Bank building purchase ‘a net savings’

County officials offer tour of 1934 administrative building, mold and all 

By Kevin Spradlin

* Dec. 1: Commissioners agree to buy bank building

ROCKINGHAM — There’s no hiding it, county officials said Tuesday.

The Richmond County Administrative Office building at 125 S. Hancock St. is old. With a  cornerstone showing the dedication taking place in 1934, the structure features leaky pipes, drafty windows and an antiquated elevator. The latter will take at least $60,000 in repairs before the county is able to sign a new maintenance contract on the unit.

Kevin Spradlin |

Kevin Spradlin |

So the intended purchase of the First Bank office at 1401 Fayetteville Road, announced Monday night near the end of the Board of County Commissioners monthly public meeting, can produce a long-term cost savings overall.

Late Tuesday morning, meanwhile, County Manager Rick Sago, Director of Public Works Bryan Land, Tony Sweatt, in maintenance, and Commissioner Kenneth Robinette led a walking tour of the county’s administrative building in downtown Rockingham. There’s plenty of reasons the county has looked for nearly 17 years for  new location, Robinette and Sago said. The mold, leaky pipes, drafty windows and 1930s-installed fire suppression system are just four of them.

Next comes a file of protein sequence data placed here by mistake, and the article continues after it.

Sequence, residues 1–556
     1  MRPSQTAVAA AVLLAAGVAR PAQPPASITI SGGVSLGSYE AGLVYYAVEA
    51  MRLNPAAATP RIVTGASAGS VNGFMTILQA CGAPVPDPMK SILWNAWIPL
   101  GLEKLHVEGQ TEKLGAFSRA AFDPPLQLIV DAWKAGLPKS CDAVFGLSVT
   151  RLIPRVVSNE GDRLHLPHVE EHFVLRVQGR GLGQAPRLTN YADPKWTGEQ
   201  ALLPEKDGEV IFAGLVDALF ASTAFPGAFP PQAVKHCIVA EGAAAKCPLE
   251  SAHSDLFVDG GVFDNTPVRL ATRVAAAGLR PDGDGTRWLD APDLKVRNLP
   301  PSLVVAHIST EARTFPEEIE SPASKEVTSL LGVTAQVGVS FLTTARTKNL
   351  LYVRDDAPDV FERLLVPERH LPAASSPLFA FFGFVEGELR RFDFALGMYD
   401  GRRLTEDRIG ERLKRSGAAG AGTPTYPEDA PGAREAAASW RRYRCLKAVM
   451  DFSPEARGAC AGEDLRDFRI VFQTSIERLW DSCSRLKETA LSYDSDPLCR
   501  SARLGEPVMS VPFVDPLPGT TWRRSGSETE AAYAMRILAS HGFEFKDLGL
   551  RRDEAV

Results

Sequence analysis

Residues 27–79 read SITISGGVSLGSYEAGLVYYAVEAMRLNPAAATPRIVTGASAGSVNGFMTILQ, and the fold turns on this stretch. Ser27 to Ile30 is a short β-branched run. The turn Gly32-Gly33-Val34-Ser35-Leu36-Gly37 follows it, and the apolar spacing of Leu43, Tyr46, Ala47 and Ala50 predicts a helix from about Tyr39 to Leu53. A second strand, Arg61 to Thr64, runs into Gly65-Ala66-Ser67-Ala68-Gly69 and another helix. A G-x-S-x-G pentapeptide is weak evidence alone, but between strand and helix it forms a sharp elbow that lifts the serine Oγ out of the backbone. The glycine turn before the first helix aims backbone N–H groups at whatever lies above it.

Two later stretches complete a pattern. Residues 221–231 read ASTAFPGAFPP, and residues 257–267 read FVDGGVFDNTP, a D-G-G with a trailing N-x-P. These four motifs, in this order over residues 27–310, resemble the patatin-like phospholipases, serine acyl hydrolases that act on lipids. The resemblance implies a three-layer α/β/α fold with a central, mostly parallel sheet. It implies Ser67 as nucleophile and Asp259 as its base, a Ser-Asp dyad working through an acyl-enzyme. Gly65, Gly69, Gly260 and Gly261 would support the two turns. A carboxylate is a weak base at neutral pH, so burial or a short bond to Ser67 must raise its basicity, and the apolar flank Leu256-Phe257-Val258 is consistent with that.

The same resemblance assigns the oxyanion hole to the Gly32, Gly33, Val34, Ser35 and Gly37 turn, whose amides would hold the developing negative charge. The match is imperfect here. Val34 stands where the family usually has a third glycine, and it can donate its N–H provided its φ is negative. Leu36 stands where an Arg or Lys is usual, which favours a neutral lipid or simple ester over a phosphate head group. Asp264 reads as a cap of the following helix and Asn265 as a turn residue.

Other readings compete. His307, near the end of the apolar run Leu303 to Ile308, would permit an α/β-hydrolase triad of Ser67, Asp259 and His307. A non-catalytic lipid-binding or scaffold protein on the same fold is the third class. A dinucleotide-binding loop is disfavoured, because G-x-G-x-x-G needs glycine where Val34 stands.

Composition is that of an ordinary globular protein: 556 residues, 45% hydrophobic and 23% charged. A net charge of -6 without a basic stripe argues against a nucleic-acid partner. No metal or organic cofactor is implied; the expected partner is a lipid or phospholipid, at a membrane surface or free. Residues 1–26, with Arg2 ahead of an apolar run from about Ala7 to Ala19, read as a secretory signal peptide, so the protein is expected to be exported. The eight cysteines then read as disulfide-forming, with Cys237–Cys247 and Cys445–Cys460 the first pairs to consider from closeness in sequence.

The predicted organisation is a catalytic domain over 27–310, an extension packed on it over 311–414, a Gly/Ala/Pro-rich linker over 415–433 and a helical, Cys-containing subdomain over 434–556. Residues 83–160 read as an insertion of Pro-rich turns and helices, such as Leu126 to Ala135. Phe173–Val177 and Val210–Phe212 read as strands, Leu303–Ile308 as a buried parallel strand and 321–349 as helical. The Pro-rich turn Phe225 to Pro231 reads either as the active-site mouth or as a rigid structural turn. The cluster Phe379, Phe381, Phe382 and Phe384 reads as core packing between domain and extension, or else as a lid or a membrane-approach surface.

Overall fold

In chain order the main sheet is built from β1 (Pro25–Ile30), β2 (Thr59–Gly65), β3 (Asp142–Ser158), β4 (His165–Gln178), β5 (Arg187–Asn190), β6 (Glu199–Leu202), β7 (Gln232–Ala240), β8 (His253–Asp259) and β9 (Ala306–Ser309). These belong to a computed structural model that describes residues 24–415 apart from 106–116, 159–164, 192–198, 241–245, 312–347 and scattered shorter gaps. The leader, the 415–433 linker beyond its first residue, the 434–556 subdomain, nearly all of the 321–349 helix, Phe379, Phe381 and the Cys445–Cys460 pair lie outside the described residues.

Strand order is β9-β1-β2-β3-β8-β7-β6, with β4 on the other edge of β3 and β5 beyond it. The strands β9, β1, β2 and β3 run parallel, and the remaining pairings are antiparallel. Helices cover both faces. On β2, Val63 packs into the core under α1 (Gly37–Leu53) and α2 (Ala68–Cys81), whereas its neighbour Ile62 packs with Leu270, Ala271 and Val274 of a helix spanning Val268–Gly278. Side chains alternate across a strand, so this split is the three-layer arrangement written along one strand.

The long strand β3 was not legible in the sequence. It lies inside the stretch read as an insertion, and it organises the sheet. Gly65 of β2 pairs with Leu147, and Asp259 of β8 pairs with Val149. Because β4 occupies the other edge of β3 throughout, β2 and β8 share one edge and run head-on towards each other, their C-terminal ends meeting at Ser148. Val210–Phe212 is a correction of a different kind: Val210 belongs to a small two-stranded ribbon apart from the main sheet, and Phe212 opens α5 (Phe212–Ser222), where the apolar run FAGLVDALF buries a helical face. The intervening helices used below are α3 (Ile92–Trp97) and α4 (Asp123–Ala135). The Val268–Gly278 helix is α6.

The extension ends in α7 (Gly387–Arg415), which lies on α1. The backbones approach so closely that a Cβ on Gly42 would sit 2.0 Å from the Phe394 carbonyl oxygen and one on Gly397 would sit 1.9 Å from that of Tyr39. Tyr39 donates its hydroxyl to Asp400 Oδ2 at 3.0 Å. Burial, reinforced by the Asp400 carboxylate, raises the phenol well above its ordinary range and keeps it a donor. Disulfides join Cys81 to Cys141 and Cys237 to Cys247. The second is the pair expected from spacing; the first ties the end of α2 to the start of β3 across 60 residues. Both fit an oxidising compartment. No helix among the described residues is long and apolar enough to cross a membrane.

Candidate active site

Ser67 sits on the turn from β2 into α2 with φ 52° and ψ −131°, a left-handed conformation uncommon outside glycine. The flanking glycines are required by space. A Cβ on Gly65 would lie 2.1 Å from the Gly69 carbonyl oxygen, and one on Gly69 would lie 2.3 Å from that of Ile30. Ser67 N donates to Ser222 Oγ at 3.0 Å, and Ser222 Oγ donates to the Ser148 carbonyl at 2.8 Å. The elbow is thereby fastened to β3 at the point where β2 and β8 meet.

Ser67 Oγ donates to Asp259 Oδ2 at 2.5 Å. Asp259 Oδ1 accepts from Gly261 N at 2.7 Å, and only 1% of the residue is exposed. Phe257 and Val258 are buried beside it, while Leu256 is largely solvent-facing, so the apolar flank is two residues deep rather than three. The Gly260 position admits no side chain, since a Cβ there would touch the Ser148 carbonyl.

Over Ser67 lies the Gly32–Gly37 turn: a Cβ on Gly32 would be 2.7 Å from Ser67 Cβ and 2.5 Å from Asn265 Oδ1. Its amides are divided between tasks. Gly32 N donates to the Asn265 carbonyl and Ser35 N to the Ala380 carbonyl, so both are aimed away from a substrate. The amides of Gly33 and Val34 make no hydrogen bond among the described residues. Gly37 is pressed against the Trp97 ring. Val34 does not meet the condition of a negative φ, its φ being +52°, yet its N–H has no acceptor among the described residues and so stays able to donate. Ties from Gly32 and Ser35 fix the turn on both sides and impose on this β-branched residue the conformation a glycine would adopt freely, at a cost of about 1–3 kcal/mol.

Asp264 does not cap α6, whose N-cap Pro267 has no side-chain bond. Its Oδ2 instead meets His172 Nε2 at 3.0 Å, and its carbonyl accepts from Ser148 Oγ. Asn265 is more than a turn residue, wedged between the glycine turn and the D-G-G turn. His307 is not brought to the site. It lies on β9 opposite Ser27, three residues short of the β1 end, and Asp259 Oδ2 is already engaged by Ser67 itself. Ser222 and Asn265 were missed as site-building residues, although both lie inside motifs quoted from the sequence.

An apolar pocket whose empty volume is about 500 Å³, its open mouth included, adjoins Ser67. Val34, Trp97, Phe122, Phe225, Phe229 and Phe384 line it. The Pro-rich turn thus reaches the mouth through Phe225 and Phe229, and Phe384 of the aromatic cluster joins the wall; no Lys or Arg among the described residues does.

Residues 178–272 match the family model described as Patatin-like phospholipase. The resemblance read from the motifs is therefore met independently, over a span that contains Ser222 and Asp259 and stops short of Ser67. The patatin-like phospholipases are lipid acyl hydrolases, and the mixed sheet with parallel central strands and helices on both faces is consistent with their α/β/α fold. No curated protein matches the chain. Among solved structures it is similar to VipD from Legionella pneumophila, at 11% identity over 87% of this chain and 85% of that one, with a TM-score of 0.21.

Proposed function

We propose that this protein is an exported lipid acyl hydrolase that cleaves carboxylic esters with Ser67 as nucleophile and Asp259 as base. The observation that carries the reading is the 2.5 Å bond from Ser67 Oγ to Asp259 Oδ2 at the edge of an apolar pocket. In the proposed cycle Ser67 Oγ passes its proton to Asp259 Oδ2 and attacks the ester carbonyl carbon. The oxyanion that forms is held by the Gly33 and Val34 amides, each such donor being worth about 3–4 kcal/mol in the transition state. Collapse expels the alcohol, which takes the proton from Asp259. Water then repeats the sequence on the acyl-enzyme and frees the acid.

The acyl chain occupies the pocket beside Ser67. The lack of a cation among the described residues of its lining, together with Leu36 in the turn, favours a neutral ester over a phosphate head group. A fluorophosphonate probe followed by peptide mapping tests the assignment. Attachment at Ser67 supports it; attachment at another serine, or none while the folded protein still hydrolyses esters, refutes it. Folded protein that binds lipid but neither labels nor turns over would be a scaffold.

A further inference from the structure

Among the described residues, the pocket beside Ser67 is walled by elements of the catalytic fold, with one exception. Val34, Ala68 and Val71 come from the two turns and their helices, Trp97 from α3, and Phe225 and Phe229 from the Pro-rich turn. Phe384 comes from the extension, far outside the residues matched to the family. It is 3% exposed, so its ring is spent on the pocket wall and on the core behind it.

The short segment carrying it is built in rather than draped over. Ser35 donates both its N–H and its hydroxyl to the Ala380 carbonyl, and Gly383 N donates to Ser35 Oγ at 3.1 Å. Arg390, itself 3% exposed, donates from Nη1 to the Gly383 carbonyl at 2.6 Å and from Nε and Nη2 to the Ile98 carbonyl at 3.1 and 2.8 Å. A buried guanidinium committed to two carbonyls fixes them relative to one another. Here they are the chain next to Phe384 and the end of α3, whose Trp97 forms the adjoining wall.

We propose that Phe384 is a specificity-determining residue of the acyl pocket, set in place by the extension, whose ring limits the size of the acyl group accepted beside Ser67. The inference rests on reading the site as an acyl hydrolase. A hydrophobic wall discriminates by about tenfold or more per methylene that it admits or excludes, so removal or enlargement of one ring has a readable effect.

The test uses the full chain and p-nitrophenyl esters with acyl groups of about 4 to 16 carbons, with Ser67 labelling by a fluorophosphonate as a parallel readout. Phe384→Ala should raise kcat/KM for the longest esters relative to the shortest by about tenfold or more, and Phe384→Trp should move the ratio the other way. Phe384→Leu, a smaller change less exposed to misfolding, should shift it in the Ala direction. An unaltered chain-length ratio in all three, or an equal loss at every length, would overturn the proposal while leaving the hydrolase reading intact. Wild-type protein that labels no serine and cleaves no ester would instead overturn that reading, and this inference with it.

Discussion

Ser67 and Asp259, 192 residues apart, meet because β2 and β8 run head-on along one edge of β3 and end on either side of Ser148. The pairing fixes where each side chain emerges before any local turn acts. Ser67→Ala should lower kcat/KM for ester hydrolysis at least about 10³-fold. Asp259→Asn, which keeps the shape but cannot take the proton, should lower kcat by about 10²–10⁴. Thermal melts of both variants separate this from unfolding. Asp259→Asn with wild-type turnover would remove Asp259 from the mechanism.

The commissioners agreed to the $1.7 million purchase, with an option to buy $100,000 in furniture already in the building. If the deal doesn’t close within 12 months of the signing of the contract, First Bank could be levied a daily fine of $500. The agreement is not yet official has it has not been approved by First Bank representatives.

The deal looks like this — a maximum of 2.45 percent interest on the $1.7 million loan — from where is to be determined — to be repaid in semiannual payments of $50,640, or $101,280 each year. The county expects to spend up to $75,000 to remodel the First Bank location — mainly taking down a wall here and there and putting up another wall or two.

Kevin Spradlin |

Kevin Spradlin |

Estimated annual utilities at the Fayetteville Road location costs $16,000. At 125 S. Hancock St., utilities cost $28,500 every 12 months — plus another $10,200 at the old ESC building used now for law enforcement purposes, at the corner of East Franklin and South Hancock streets, plus another $3,800 annually for the planning and building office. The annual savings in utilities alone would be approximately $26,500 — or roughly 26.1 percent of the annual debt payment on the First Bank building purchase.

Additional savings could be realized, officials said, with less elevator maintenance costs because the unit at First Bank, constructed less than nine years ago, is much newer. The annual maintenance contract on the elevator at 125 S. Hancock St. costs $20,500, but Sago said the company wants $60,000 in repair work completed before it’s willing to sign another contract.

“You’re talking antiquated equipment where you gotta beg people to work on,” Sago said.